So we do allow it. Sometimes photography is tough for land sellers and like I mentioned earlier, we don't allow screen grabs from different applications and tools and different things like that. If you have very flashy graphics with sales jargon and contact information, we don't allow any of that. So by the time that we tell you, you can't use these four images, that might have been the only four that you uploaded, so you're left with nothing. So at that point, take it or leave it. If you want to post without an image, we'll allow it, but it's certainly not going to get a lot of exposure.
Seth: Like if I've got a Google Earth screenshot with a little box over the parcel that I'm selling, is that okay? Or what kind of screen grabs are not acceptable?
Michael: So those are copyrighted assets. Google states very clearly that you're not allowed to use those. You can make an argument against fair use on those. So I wouldn't say that we are overly zealous when it comes to policing that, but we definitely don't allow the UI of the tool to be included. We don't want to confuse people that, oh, here's like a zoom button, or here's this panel, I can click on this in the image and it's confusing.
So we expect just really bare photography. You can definitely do like aerial shots and kind of show some context of some labels, but we don't allow somebody to embed like captions or sales stuff for watermarks or any of that kind of stuff. We expect it to be really geared around being helpful to the user, not trying to be promotional, and it needs to feel high quality. We score listings better with higher quality. We don't just look at other images, we look at what's the resolution is. Is there a dense concentration of a certain color that might indicate that it's like some kind of graphic instead of an actual photograph?
So we don't allow stock images. For instance, a lot of land sellers will try to upload, “Here's a park 30 minutes away,” or that kind of thing. We don't want your description or your images to represent anything other than the listing at hand. A lot of times the description will come in and it's just talking about the area and we want you to talk about the property. So it's definitely difficult sometimes on some of the listings coming from land investors.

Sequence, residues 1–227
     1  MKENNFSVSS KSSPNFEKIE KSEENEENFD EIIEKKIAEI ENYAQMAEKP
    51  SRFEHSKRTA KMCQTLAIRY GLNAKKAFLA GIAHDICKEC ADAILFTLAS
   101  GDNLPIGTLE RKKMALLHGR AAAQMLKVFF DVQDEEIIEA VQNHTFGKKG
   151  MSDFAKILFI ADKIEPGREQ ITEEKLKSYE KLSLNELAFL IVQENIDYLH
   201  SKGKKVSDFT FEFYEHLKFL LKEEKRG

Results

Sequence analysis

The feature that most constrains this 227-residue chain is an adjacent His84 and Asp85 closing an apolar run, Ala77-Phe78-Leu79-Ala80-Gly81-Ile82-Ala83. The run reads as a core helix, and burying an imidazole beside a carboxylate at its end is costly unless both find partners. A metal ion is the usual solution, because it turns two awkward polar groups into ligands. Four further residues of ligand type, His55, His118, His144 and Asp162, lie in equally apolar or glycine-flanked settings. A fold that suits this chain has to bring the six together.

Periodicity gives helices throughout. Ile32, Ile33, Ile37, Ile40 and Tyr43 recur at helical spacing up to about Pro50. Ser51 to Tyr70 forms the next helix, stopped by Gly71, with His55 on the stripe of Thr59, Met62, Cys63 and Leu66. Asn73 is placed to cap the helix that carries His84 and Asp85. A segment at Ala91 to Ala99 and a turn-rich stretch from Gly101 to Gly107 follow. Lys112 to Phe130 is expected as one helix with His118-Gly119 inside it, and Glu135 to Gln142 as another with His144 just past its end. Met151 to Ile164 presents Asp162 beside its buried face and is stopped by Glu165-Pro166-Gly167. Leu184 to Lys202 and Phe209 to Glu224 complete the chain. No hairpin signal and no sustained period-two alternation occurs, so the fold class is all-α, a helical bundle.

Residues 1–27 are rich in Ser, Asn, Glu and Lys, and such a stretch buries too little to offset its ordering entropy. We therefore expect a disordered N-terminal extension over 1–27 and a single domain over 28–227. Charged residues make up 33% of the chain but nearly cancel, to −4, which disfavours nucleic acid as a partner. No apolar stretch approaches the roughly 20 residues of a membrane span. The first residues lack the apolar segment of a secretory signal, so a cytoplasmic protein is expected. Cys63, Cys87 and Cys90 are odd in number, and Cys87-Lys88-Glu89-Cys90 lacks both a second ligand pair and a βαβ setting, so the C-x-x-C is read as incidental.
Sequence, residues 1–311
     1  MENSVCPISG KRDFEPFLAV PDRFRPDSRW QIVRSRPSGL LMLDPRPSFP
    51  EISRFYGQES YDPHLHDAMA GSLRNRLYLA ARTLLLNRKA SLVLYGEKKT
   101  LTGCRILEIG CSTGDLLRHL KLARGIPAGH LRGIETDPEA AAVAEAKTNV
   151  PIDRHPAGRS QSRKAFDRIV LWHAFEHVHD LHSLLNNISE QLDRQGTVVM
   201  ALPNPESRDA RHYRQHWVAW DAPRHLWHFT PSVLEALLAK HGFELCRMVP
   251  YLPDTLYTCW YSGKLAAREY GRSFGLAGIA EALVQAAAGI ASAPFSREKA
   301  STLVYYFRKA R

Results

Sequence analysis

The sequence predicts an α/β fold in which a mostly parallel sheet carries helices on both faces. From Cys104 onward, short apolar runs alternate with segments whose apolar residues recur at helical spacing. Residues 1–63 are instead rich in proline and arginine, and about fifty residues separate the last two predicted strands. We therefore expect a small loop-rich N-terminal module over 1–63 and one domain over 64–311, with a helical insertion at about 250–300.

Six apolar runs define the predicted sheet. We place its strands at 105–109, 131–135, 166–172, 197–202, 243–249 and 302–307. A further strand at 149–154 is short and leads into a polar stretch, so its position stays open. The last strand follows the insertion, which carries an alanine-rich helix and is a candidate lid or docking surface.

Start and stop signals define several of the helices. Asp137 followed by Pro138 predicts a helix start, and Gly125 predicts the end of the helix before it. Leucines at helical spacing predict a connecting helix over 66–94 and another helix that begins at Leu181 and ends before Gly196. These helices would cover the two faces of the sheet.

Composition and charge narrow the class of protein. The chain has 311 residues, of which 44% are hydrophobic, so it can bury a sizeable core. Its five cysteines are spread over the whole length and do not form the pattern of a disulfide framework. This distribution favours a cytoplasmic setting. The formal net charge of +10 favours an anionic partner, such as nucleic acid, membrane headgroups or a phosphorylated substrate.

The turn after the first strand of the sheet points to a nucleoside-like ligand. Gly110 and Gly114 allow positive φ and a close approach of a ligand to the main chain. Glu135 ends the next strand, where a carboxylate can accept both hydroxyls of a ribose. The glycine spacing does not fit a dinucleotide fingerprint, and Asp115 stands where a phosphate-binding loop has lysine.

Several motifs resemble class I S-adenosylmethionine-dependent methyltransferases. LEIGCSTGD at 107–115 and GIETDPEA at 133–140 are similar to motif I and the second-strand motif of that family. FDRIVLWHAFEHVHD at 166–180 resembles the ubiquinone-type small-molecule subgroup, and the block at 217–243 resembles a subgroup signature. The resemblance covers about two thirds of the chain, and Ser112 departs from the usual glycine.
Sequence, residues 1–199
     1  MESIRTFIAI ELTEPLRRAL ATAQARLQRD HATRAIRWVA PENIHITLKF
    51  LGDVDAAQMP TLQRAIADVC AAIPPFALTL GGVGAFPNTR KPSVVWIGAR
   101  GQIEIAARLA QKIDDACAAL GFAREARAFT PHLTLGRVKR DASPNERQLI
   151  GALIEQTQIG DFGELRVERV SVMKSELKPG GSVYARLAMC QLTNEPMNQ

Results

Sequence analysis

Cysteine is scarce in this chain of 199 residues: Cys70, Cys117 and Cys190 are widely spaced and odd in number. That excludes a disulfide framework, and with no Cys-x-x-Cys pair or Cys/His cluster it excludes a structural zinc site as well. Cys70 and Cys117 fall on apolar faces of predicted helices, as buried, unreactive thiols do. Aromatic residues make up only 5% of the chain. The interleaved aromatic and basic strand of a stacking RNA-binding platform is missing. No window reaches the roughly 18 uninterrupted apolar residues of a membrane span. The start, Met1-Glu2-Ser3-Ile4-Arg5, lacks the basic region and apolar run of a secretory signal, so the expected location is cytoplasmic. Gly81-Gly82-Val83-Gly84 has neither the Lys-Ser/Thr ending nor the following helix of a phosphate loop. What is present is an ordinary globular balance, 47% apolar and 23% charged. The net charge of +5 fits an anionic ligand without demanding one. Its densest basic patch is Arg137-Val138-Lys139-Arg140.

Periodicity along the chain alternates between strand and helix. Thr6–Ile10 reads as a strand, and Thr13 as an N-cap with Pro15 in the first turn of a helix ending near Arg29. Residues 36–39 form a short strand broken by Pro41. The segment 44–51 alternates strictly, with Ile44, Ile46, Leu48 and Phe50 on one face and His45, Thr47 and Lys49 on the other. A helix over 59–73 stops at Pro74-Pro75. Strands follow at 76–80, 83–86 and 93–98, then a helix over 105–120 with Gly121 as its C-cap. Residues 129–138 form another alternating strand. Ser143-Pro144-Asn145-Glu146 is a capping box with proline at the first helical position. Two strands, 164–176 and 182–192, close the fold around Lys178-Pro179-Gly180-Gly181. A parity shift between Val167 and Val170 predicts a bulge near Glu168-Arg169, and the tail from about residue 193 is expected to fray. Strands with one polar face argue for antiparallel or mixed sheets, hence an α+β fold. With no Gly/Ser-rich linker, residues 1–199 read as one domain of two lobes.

Seth: Have you thought of any interesting ways to use AI in this process to make it easier to provide property descriptions or anything like that?
Michael: We have, we've explored taking the attributes outside of the description and letting ChatGPT generate those. And we've played around with it and it's interesting.
One of the things that we don't allow is redundancy from the description as far as just listing out, like here's the partial number, we've got a field for that, you need to put that there. But ChatGPT has done some interesting things as far as it will take those attributes and write it in a very natural way that does require a lot of investment in the other attributes. You have to have something to pull from. So we need to know that it's in the desert and that maybe it's got utilities or a septic system installed, some different things worth describing. Otherwise, there's not much for ChatGPT to go off of, but we are exploring that and probably in the future we'll have a auto-write description button, and hopefully it'll be used more as a starting point than this is just I'm going to let it generate and move on.
Seth: For anybody out there who is interested in how you can possibly use ChatGPT for this kind of thing. I've got a video I put together a few months back showing people how to create property listing and descriptions and headlines and all this stuff based on some basic information about the property that you can feed it, and then you can really explain to your heart's content what you want out of it. And it will give you a pretty good property description and it's not going to do this on its own. It needs some kind of prompting and it needs to understand what you want. But as long as you can do that, it's pretty cool.
So I'll include a link to that video in the show notes for this episode, retipster.com/165.
One thing I was noticing as I was going through the process of trying to post a property listing on LandSearch.com was it looks like you can list it as a For Sale, a For Lease, or a For Auction, which I thought was pretty interesting. So how does that work? It seems pretty straightforward if you're just listing it for sale. But if you're trying to do an auction, does that mean is it like eBay where the winning bid has to pay you through LandSearch.com? What happens to the deal after the winner wins it?
Michael: Yeah, good question. So we don't actually facilitate the auctions. So basically you have an option there for a bid URL. You're probably going to be using some third party if it's an online auction. If a real life auction, then you can put the address, the location, and time when that auction will occur.
Seth: Okay. And then if somebody wants to list their property for lease on your website, it's probably the same idea, right, where they're just listing it for sale, but it's just the intent is to not actually sell the property, but just to lease it out for a period of time?
Michael: Exactly, yeah, we don't facilitate any of that. But let's say if you have a hunting lease, you can say, “I want this amount per month, it's for this use, for this duration minimum, that type of thing.” So you can set up all the terms and conditions for the lease.